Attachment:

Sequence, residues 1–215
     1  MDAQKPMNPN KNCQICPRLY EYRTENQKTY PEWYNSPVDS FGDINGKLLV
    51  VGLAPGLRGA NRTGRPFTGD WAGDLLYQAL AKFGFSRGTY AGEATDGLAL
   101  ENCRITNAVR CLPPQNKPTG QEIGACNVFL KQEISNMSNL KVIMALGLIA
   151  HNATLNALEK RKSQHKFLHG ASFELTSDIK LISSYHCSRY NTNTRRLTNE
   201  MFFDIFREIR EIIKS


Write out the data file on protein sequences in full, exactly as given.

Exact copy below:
Sequence, residues 1–215
     1  MDAQKPMNPN KNCQICPRLY EYRTENQKTY PEWYNSPVDS FGDINGKLLV
    51  VGLAPGLRGA NRTGRPFTGD WAGDLLYQAL AKFGFSRGTY AGEATDGLAL
   101  ENCRITNAVR CLPPQNKPTG QEIGACNVFL KQEISNMSNL KVIMALGLIA
   151  HNATLNALEK RKSQHKFLHG ASFELTSDIK LISSYHCSRY NTNTRRLTNE
   201  MFFDIFREIR EIIKS